One of the main differences between the U.S. and European civilian gun markets is the very large presence in the former of manufacturers of so-called "aftermarket" parts, i.e., components that are perfectly interchangeable with the original ones. Barrels, slides, upper and lower receivers, trigger assemblies, magazines, sights, but also stocks and grips are available either as spare parts (and therefore with shapes and dimensions identical to the original) or in extended, oversized, improved, or simply different versions so that you can customize your guns according to your own taste. In recent times, some of the companies that originally made accessories managed to take the plunge and become full-fledged gun manufacturers. This is the case, for example, with Zev Technologies, which started out in the proverbial garage to make triggers, but thanks to its success has now turned into a top-level manufacturer of Glock-style handguns.
Much the same path has been followed by Anderson Manufacturing of Hebron, Kentucky, which has moved from making accessories to whole guns, with a catalog that now has several variants of "black rifle" and two versions of a polymer-framed, atriker-fired pistol, the Kiger-9c.
Kiger-9c and 9c PRO semi-automatic pistols
Based on a now more than proven mechanical and operational platform, the Kiger-9c is a 9mm locked-breech semi-automatic pistol. The frame is made of polymer and takes a Magpul double-stack magazine with a capacity of 15+1 cartridges. For sale in states where magazine capacity is restricted, the 9c is equipped with a magazine limited to 10 rounds instead. The gun is striker-fired, with a trigger pull weight of 2.5 kilograms (5.5 lb). The Kiger-9c is made in standard and PRO versions, and the latter is immediately distinguished by lightening cuts affecting the front of the slide and other details we will see later. For both models the barrel length is 3.9 inches, or 10 centimeters.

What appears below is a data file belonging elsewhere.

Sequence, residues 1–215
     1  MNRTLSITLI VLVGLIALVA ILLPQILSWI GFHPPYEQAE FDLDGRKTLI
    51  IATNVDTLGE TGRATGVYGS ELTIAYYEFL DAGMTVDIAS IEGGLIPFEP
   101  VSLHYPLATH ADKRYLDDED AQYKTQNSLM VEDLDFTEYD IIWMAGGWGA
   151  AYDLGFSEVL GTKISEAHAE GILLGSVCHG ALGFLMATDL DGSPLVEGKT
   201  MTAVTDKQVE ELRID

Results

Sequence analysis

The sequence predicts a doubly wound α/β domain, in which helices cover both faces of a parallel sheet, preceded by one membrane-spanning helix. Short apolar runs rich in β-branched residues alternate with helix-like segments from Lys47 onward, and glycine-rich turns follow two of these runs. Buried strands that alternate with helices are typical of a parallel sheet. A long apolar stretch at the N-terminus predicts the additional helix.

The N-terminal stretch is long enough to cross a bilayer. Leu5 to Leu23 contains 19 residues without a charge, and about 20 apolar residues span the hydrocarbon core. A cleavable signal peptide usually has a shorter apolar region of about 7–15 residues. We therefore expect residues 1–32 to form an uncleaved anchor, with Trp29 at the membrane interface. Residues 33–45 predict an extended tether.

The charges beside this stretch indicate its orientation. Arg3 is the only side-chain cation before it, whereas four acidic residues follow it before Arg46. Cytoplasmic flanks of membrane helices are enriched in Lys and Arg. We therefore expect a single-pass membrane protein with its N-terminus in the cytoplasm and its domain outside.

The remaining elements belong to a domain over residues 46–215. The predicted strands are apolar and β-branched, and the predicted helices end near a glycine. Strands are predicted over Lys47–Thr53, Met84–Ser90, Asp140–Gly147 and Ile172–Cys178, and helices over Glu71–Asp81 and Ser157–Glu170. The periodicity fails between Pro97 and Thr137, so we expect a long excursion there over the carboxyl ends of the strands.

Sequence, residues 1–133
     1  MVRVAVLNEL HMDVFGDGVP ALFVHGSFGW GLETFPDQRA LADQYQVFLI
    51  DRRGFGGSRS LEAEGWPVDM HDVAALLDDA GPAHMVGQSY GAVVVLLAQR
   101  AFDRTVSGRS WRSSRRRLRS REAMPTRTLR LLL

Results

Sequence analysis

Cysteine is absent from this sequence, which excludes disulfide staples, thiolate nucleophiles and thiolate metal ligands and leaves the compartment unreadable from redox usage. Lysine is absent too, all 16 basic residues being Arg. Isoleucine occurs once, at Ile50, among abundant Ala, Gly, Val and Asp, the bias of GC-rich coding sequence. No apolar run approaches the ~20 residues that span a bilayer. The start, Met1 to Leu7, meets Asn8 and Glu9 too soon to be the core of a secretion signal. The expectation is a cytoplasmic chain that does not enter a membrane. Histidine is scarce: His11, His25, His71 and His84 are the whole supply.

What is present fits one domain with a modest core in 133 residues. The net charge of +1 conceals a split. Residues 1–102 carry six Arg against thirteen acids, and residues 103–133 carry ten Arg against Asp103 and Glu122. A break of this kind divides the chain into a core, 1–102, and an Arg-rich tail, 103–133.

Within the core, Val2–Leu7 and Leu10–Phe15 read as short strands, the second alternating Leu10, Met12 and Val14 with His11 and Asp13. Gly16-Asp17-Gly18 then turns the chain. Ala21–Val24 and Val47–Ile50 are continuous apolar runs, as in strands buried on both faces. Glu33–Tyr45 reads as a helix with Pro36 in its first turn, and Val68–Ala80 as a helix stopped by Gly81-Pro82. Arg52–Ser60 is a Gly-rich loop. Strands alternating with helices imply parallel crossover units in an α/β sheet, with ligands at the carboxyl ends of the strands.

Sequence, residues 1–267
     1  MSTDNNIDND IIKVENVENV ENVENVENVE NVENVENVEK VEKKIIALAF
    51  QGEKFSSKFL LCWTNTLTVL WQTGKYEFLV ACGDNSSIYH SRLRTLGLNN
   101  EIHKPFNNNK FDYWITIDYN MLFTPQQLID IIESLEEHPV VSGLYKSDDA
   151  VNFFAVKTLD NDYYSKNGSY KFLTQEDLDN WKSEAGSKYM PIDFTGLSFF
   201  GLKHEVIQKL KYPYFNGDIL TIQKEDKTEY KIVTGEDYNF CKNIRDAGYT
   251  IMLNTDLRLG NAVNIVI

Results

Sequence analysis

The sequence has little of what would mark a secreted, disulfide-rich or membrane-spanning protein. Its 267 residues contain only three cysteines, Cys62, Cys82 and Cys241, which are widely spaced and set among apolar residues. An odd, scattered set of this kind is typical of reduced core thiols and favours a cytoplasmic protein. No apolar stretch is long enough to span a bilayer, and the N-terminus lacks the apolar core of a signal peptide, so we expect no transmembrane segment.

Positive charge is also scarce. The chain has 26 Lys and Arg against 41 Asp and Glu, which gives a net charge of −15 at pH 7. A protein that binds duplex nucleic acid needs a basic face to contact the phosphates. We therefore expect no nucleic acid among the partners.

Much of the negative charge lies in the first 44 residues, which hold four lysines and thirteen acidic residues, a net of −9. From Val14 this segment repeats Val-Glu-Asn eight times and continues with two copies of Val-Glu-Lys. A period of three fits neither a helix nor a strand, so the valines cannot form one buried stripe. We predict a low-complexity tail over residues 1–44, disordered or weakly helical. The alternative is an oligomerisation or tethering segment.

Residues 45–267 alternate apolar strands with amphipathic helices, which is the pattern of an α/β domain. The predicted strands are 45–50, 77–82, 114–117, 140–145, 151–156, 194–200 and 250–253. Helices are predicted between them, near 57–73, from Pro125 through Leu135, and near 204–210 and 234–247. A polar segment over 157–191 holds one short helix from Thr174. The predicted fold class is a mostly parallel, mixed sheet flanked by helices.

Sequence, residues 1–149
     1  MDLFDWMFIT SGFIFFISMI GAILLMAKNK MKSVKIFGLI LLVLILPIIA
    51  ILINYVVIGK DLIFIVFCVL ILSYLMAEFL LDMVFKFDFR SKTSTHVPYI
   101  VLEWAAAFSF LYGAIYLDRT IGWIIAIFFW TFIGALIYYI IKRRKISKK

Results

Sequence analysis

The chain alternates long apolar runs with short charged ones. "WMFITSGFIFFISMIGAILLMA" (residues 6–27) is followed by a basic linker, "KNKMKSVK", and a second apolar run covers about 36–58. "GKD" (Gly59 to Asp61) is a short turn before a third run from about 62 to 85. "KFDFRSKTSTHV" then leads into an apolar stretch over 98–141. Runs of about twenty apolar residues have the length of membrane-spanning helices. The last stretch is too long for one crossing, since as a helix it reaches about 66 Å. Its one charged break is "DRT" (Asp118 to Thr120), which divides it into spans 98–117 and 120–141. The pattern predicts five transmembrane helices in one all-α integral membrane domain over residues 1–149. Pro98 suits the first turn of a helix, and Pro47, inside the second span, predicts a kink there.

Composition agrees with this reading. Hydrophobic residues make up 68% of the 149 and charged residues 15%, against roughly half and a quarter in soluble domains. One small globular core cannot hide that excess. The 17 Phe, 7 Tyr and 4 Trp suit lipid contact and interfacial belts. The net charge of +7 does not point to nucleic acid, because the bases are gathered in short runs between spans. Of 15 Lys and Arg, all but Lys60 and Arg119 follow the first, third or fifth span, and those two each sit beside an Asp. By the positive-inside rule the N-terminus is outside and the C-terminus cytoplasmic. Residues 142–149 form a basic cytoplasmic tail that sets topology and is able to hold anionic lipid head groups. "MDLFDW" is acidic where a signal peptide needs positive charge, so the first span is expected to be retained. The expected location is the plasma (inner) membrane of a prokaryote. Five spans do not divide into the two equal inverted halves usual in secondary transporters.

The Kiger-9c semi-automatic is built around a frame that is ideally derived from that of the well-known Glock pistols, so much so that every part of it is compatible with the third-generation G19 model, re-designed to offer greater ergonomics. The side panels of the grip have a textured surface while the front and rear panels have a horizontal rised ribbing that enhances the grip. The beavertail is oversized, so that any contact between the firing hand and the moving slide is prevented, and a deep undecut is also present at the base of the trigger guard; this allows a firmer and higher gun grip, with beneficial effects on muzzle flip control. The front and lower sides of the trigger guard are ribbed so as to provide a safe surface for holding the gun with two hands. On both sides of the frame are two areas with non-slip surfaces, one near the slide release, the other along the dust cover with an indexing function. Put simply, these are surfaces recognizable by touch to be used as a reference for proper grip and finger positioning. In the PRO version both the slide and magazine releases are oversized, but while the former is reversible, the latter is on the left side only. A Picatinny rail allows a flashlight or other similar accessories to be mounted on the dust cover.
The Kiger-9c slide, standard or lightened
The 416R steel slide of the Kiger-9c is available as a standard version or with lightening cuts on the front section and cuts for direct optics mounting (PRO version). Barrel and slide have a matte black DLC finish. Both models are fitted with a set of Glock-compatible mechanical sights as standard, but those on the PRO model are higher so they can co-witness with a red dot. Another concession to contemporary fashion is the presence of front slide serrations. All the flat surfaces of the slide are slightly milled for weight reduction. Regardless of actual usefulness, the aesthetic effect is remarkable: the complexity of the surfaces of this gun is considerable and involves quite a bit of work and conveys an impression of great construction effort.
Speaking of prices, in the U.S. the standard 9c model costs $429, while to bring home the PRO model one has to shell out a "hefty" $539. Considering that prices can be translated directly into euros, one cannot but look with a different eye at these guns which, it should be remembered, are made entirely in the USA – a business argument that is always very convincing overseas.
Kiger-9c specs and price
Kiger-9c - 9c PRO
15 + 1 rounds
Adjustable notch, fixed front sight
On the trigger, automatic on the firing pin
Trigger Pull Weight:
2.5 kg approx.
566 g (standard version)
Price (MSRP in the U.S.):
$429 (standard version) - $539 (PRO version)